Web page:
When you see a side-by-side comparison of arteries from a healthy brain and the brain of an Alzheimer’s patient, you don’t have to be a scientist to know which is which.
The healthy brain’s arteries are wide open, obviously allowing for a strong flow of blood. The Alzheimer’s arteries, however, have only small openings, some almost completely closed. How the blood flow to the brain may lead to the development of Alzheimer’s disease is just one of many studies going on in the Longtine Center for Molecular Biology and Genetics at the Banner Sun Health Research Institute.
In fact, a published study by Alex Roher, MD, Ph.D., director, head and senior scientist at the Longtine Center, indicates there is a link between atherosclerosis (hardening and narrowing of the arteries) and the development of Alzheimer’s disease.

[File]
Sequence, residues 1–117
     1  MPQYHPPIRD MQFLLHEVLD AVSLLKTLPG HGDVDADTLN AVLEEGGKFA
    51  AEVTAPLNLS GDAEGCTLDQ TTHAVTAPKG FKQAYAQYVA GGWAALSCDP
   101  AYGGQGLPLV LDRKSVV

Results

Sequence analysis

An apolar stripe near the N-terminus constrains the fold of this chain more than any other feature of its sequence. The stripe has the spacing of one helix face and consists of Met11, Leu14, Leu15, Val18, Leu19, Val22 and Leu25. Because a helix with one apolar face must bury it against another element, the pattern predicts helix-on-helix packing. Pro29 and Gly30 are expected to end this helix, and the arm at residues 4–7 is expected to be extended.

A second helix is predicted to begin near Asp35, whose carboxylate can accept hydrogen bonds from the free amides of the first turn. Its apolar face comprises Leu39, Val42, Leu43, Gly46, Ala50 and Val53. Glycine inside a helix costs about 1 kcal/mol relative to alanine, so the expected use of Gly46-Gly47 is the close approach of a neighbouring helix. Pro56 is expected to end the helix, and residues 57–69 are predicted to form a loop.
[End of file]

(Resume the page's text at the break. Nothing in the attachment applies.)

Roher’s findings contribute to mounting evidence that demonstrates a close relationship between cardiovascular disease and Alzheimer’s disease.
Other research being conducted by the Longtine Center includes:
- Examining blood, urine and saliva for the presence of amyloid β peptide, a key molecule that forms toxic plaques in the Alzheimer’s brain.
- Currently, the only scientifically certain way to diagnose Alzheimer’s is by brain autopsy. Roher’s goal is to establish the biochemical basics of the cause of Alzheimer’s disease. This would allow diagnosis of the disease in living patients as well as determine in advance who is at risk of developing the disease.
Developing an early diagnosis of likely Alzheimer’s disease is a key to developing and applying prevention methods.